On June 24, 2019, in the Brunetti case, a decision consistent with its 2017 Tam decision (read here), the U.S. Supreme Court in a 6-3 decision held that the U.S. Patent and Trademark Office (PTO) could no longer refuse federal registration that “consists of or comprise immoral or scandalous trademarks” holding that such a refusal by the PTO of such marks under Section 2a of the Lanham Act violates the First Amendment of the Constitution.
This case concerned the application of the trademark FUCT by Erik Brunetti for a clothing line and the case was highly litigated. Consistent with its decision in Tam, the Supreme Court was aligned in its holding that the PTO could not refuse to register any mark that the Government deemed to be immoral or scandalous, as by doing so, the Government engages in viewpoint discrimination. Here, as in Tam, the Court was very clear that this is a violation of the Free Speech Clause of the First Amendment. The majority was clear that with its current practice, the PTO was engaging in viewpoint discrimination in its approval of marks for registration that it felt did not offend a majority of the population, and this was the essence of the Court’s decision in Tam. The Court gave a number of examples where the PTO, when it applied the “immoral or scandalous” provision of Section 2a fairly, engaged in viewpoint discrimination barred by Tam because it engaged in the suppression of some views over others.
Immoral or Scandalous Marks
The “immoral or scandalous” clause of Section 2a of the Lanham Act has always been read as a unitary clause by the PTO, meaning the PTO considers immoral and scandalous marks as one type of mark versus the dissenting Justices believing they are two different types of refusals. All of the Justices agreed in the holding with respect to “immoral” marks, but this is where the agreement ended among the Justices. Three dissented with respect to “scandalous” marks. Chief Justice Roberts, Justice Breyer, and Justice Sotomayor believe the “scandalous” portion of Section 2a should be read more narrowly to bar marks that offend because of their “mode of expression.” Their rationale is that since registration is not required for trademark rights in the U.S., the Government can regulate this offensive speech. However, in my opinion, the Justices failed to fully understand the purpose of trademark law in order to try to save one part of a clause that clearly had no reason to be upheld.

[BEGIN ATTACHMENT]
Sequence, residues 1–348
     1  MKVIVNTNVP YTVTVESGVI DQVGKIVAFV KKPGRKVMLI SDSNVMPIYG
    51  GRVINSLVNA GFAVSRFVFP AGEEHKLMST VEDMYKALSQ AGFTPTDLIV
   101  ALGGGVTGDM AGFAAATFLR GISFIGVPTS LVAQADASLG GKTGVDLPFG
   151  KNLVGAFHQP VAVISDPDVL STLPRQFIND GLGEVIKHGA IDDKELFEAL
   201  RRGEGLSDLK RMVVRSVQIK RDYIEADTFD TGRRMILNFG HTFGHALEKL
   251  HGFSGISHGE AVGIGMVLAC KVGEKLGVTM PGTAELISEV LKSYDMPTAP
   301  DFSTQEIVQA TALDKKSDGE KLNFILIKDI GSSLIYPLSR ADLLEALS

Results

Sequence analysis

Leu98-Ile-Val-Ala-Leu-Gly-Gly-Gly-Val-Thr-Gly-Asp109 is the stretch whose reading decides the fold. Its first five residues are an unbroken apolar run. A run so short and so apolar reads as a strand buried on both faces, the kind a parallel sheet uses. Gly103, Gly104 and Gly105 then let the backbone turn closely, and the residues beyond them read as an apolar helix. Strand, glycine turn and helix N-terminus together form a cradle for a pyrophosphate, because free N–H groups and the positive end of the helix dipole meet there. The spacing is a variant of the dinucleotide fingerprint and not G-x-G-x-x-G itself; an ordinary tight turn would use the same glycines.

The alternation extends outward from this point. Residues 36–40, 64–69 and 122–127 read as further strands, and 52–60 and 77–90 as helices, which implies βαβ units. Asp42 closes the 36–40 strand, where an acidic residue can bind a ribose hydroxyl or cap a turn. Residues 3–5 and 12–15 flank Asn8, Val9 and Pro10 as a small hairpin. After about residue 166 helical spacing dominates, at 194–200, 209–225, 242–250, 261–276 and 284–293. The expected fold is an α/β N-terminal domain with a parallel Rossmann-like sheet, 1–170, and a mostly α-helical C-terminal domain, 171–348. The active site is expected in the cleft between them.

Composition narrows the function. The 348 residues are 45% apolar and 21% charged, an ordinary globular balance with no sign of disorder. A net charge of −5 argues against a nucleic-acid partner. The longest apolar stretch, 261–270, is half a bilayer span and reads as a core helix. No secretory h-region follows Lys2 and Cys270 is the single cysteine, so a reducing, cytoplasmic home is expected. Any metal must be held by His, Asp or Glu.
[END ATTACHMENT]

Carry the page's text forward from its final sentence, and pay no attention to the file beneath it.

Dissenting Opinions and Misunderstanding the Purpose of Trademark Law
The Justices opined that Mr. Brunetti did not even need a U.S. Trademark Registration because of the U.S.’s common law system of rights. First, it is not for any court to decide a business strategy. Whether or not to rely solely on common law rights is a decision for any business owner. Second, it was widely reported that Mr. Brunetti was having an issue with counterfeiters. Such a problem can only be combatted with an issued U.S. Trademark Registration. So, in fact, Mr. Brunetti’s business was suffering at the hands of counterfeiters by not having a registered U.S. trademark.
The Justices also misunderstood that, for the most part, the majority of these “immoral or scandalous” marks are never going to rise to the level of trademark use and as a result, a certificate of registration will never issue. Further, it is the job of the consuming public to decide which brands it wishes to patronize and not the government. Brands are built by consumers’ spending dollars and not created merely by the issuance of a certificate of registration from the PTO. These three Justices are not correct that by granting a Certificate of Registration, the Government somehow endorses the trademark. Nothing could be further from the truth. Trademark rights exist only by use in interstate commerce and since most of these applicants are applying for marks only for shock value, the chances of the trademark owner’s ability to sustain a trademark registration over the long-term is quite low. Further, even if a brand like FUCT becomes the new clothing sensation, who cares? What difference does it make? The beauty of our democratic and capitalist system is that consumers get to vote with their pocketbooks. Those that want to purchase the brand can and those that choose not to are not required to do so.
Impact of the Decision
The PTO has amended its Examination Guidelines in light of this decision. Prior to this decision, and in light of the Appellate Court decision in December 2017 (see our article here) all marks deemed “immoral or scandalous” by the PTO were suspended. Now, all those marks will be lifted from suspension and re-examined for any other issues. If any “immoral or scandalous” marks have been abandoned for other reasons, the trademark owner may reapply. However, the primary issue remains – the trademark owner must properly use the applied for term as a trademark in order to secure its trademark registration. Even though we may see an uptick as a result of this decision, practically speaking, we should not really see an influx of “immoral or scandalous” registrations. For these reasons, no one should be overly concerned.
If you require assistance with your trademarks or have a question about this particular decision, please contact us.
Stacey C. Kalamaras is the founding partner of Kalamaras Law Office, LLC. She has extensive intellectual property experience with a focus on trademarks and copyrights, as well as, advertising issues related to promoting clients’ brands. She can be reached at email@example.com.